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Why Are We Doing This Anyway?

Richard Arum and Josipa Roksa's Academically Adrift: Limited Learning on College Campuses (Chicago: University of Chicago Press, 2011)
Why Are We Doing This Anyway?

The authors, sociologists Richard Arum of New York University and Josipa Roksa of the University of Virginia, have given us a book that chronicles what many people have thought of higher education in America for some time: the university has changed—some would say lost—its purpose for its students, and this is creating an institution, which is becoming increasingly useless in our society. Here one finds a rich and detailed account, extensively researched, of the decline in the acquisition of skills like critical thinking, complex reasoning and clear writing by undergraduates in the American academy today. Though most university mission statements “echo [a] widespread commitment to developing students’ critical thinking” (p. 2), for a number of reasons, that development is simply not happening.

The failure is attributed to a number of factors. The number of students who view the university experience as more a social one than an academic one has dramatically increased. The infamous disease of “grade inflation” has allowed grade point averages and degree completion rates to remain stable. Faculty who want better student recommendations in order to secure tenure are blamed for making their classes easy and entertaining rather than doing the hard work of teaching students how to think. In their introductory chapter, Arum and Roksa discuss these and other reasons for the decline. They also outline their testing procedures and outcomes and answer questions that have arisen about testing such a subjective thing as reasoning skill in the first place. I believe they answer these questions more than adequately.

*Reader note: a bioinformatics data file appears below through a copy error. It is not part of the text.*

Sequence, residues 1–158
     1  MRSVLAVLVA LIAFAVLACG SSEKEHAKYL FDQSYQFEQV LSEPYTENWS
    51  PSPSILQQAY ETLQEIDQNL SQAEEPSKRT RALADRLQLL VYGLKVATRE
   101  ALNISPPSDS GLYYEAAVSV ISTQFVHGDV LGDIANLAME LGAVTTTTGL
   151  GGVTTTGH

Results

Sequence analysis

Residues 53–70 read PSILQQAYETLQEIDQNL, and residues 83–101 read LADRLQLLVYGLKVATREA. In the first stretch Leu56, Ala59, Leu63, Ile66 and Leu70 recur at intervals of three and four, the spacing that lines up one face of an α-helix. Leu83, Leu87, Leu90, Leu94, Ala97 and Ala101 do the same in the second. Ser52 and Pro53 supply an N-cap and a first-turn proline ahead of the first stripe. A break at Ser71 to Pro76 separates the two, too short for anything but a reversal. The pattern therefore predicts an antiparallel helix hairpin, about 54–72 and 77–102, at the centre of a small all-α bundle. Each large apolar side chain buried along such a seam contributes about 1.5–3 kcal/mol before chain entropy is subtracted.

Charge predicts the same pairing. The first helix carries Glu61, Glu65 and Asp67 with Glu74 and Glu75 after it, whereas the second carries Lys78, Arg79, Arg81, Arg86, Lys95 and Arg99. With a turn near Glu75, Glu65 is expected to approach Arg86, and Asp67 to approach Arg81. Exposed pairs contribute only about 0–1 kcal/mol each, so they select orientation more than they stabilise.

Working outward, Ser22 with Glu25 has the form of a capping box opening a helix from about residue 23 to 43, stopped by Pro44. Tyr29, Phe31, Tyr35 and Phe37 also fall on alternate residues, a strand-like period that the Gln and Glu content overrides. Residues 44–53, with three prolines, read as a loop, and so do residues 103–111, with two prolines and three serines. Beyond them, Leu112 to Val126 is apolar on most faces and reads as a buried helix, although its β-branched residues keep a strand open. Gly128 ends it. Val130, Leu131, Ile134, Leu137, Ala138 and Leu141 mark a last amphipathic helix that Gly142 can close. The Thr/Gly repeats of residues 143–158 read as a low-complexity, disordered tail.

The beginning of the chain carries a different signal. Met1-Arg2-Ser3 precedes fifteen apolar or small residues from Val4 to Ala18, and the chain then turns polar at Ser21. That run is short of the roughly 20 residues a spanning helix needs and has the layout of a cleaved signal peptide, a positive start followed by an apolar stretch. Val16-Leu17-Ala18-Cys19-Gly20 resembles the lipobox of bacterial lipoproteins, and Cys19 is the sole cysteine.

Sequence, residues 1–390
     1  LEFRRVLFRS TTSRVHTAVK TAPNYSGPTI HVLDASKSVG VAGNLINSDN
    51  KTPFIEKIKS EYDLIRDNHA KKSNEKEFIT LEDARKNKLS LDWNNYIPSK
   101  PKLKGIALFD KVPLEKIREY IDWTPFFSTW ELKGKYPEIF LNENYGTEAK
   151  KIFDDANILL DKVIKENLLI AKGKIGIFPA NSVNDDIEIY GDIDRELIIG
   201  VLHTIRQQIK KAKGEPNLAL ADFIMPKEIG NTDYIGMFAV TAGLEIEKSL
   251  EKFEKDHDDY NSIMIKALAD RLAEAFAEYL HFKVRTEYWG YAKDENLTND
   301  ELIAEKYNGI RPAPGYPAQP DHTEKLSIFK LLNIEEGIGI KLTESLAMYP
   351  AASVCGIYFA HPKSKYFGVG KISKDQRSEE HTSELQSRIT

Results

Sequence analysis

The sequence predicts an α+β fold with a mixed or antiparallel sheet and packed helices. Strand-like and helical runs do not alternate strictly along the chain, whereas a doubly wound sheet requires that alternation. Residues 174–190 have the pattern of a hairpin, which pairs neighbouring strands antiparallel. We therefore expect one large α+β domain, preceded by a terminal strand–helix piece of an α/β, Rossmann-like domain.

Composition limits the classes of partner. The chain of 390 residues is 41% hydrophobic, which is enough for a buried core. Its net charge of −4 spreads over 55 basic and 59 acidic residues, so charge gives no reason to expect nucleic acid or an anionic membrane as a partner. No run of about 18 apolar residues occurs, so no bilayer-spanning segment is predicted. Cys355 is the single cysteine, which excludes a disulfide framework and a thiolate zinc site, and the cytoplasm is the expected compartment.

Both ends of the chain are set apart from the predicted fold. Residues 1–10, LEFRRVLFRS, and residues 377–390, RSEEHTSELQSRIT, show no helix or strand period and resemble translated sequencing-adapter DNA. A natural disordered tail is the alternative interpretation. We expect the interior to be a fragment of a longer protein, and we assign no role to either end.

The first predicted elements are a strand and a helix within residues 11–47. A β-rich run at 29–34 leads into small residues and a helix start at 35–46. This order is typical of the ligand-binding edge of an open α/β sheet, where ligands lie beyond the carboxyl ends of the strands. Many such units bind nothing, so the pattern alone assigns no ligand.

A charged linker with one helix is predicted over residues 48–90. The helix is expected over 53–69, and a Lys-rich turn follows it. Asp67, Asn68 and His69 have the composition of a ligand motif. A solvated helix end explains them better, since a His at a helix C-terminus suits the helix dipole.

The book is a dense read, though not overly so. I am no specialist in sociology, but with work, I felt like I grasped what was being offered. It would be a superb book to read slowly and discuss with those who are deeply interested in higher education and what its purpose is. More importantly, since it is replete with footnotes, appendices, and bibliography, the book serves as an especially important work for Study Center staff to read and know.

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